Standard of Proof in Criminal Cases

 Standard of Proof in Criminal Cases
In criminal cases, the legal burden of proof is always on the prosecution. The standard of proof required for the discharge of that burden is that the prosecution has to prove the guilt of the accused beyond reasonable doubt. This standard is imposed by section 138(1) of the Old Evidence Act, now section 135(1) of the Evidence Act, 2011 which provides that if the commission of a crime by a party to any proceeding is directly in issue in any proceeding civil or criminal, it must be proved beyond reasonable doubt.
The requirement that the guilt of the accused has to be proved beyond reasonable doubt is imported from the English Common law and has been re-affirmed by the House of Lords in such cases as Woolmington v DPP (1953) AC 462 and Macini v DPP (1942) AC 1 and the Privy Council on appeal in the Nigerian case of R v Lawrence (1932) 11 NLR 7.
The judiciary has not been able to give an explanation of what is beyond reasonable doubt. And this has been a source of conflicting and confusing decisions leading to a lot of appeal. But certainly it does not mean proof beyond all doubt. In Miller v Minister of Pensions (1947) 2 ALL ER 372, Lord Denning, on the nature of proof beyond reasonable doubt, said that;
It need not reach certainty, but it must carry a high degree of probability. Proof beyond reasonable doubt does not mean proof beyond the shadow of doubt. The law would fail to protect the community if it admitted fanciful possibilities to deflate the cause of justice. If the evidence is strong against a man as to leave only a remote possibility, in his favour, which can be dismissal with the sentence – of course, it is possible but not in the least probable –the case is proved beyond reasonable doubt but nothing short of this will suffice.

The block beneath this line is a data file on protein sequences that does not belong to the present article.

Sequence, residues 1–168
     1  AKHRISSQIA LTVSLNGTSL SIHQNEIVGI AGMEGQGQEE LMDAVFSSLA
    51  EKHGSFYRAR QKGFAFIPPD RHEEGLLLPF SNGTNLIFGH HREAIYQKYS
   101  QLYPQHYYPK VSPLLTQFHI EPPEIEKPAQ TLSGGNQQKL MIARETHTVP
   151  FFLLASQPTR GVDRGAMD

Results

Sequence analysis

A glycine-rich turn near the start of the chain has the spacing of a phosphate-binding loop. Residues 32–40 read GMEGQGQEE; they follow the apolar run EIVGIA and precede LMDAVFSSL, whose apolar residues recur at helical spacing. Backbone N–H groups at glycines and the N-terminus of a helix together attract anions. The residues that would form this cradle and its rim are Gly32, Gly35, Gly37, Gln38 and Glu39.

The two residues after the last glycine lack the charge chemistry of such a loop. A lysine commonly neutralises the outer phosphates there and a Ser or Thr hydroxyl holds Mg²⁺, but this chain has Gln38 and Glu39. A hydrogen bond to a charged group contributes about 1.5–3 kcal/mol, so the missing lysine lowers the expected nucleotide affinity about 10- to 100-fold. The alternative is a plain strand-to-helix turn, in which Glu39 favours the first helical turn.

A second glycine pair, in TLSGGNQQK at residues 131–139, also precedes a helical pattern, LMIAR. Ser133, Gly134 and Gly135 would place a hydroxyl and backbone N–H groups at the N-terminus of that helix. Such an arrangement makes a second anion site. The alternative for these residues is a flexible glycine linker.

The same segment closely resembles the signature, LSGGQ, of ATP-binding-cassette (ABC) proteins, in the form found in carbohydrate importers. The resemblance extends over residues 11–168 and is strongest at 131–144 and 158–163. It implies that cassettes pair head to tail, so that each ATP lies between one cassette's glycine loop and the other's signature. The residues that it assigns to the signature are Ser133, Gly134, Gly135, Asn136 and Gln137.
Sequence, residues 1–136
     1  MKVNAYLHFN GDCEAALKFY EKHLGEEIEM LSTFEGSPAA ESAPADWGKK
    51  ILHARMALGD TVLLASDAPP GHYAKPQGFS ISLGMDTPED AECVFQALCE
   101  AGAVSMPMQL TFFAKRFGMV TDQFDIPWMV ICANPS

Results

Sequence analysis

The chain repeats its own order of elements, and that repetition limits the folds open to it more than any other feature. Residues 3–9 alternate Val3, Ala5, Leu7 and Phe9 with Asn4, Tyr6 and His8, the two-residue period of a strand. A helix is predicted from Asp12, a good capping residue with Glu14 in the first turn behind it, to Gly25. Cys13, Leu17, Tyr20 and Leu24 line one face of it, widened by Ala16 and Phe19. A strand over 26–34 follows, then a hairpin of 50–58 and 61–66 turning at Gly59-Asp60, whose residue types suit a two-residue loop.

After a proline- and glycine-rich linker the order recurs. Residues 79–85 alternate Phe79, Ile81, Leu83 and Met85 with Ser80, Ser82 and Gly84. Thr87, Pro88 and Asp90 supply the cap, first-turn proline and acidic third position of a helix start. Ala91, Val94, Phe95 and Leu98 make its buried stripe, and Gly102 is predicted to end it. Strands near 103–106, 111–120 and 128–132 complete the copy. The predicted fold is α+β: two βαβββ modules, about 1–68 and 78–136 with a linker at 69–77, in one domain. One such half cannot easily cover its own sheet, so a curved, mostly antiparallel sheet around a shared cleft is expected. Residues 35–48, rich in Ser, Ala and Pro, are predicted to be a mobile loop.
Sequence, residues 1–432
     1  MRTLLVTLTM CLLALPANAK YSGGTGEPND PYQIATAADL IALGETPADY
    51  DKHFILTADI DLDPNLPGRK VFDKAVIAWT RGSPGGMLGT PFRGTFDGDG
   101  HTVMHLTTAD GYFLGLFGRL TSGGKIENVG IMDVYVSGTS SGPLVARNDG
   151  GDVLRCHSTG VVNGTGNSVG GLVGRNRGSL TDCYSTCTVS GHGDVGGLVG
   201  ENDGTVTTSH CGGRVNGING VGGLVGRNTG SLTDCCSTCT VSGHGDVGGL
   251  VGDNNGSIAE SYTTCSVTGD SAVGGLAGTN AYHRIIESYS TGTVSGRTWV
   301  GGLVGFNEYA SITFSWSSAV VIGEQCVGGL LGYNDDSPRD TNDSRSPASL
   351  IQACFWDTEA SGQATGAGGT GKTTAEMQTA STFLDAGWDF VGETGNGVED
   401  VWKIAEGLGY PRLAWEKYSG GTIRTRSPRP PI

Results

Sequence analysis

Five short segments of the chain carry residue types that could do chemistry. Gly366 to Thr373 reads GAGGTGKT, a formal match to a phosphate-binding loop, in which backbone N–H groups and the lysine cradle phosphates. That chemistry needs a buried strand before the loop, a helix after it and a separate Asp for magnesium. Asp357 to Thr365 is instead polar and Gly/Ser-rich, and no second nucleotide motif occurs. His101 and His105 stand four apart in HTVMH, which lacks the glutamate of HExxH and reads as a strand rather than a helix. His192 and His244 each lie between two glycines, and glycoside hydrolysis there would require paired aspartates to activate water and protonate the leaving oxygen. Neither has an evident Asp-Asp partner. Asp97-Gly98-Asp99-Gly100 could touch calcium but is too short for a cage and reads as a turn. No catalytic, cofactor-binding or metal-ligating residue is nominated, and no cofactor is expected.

Again, the standard of proof required before a verdict of guilty will be reached is that the judge should be so satisfied so that he feels sure of the guilt of the accused. As Oputa JSC put it in Bakare v State (1987) 1 NWLR 579;
Proof beyond reasonable doubt stems out of the competing [sic] presumption of innocence; inherent in our adversary system of criminal justice. To displace the presumption, the evidence of the prosecution must prove beyond reasonable doubt, not beyond the shadow of doubt that the person accused is guilty of the offence charged. Absolute certainty is impossible in any human adventure including administration of criminal justice. Proof beyond reasonable doubt means what it says. It does not admit of plausible and fanciful possibilities but it does admit of a high degree of cogency consistent with an equally high degree of probabilities.
Thus, where the totality of the evidence in a criminal trial is equivocal, in the sense that it is consistent with both the guilt and innocence of the accused, a verdict of acquittal should be recorded in his favour. If on the whole of the evidence, the court is left in a state of doubt, the prosecution would have failed to discharge the onus of proof which the law lay upon it and the prisoner is therefore entitled to an acquittal.
Even where no evidence is offered by the accused in his defence, the prosecution still has to prove the guilt of the accused beyond reasonable doubt. In order for the prosecution to achieve this standard of proof, it is not bound to call all available witnesses; it suffices if sufficient evidence is adduced to prove the ingredients of the offence.
All in all, in some instances, the Evidence Act or any other statute may cast the burden of proving particular facts on the defendant. In some of these cases, the burden is not as heavy as that placed on the prosecution. It is the same as in civil cases; that is on balance of probability or preponderance of evidence. However, there are certain cases where the statute or law would require that the standard of proof should be as high as in criminal cases; that is beyond reasonable doubt.
For instance if in a suit or civil action any of the parties either the plaintiff or the defendant in his pleadings makes an allegation of crime, it must be proved beyond reasonable doubt. For example, if in a case of libel, the defendant is alleged to have made criminal assertions against the plaintiff and in his defence he pleads justification, it must be proved beyond reasonable doubt or if in matrimonial causes, there is allegation of rape, sodomy or bestiality, that aspect must be proofed beyond reasonable doubt.

The case of Ikoku v Oli (1962) 1 All NLR 194, where the Federal Supreme Court held that subsection (1) of section 138 of the old Evidence Act (now section 135(1) of the Evidence Act, 2011) only applies where there is a specific allegation of a crime in the pleadings, so that the commission of a crime can properly be said to be basis or foundation of the claim or defence, as the case may be, very instructive.

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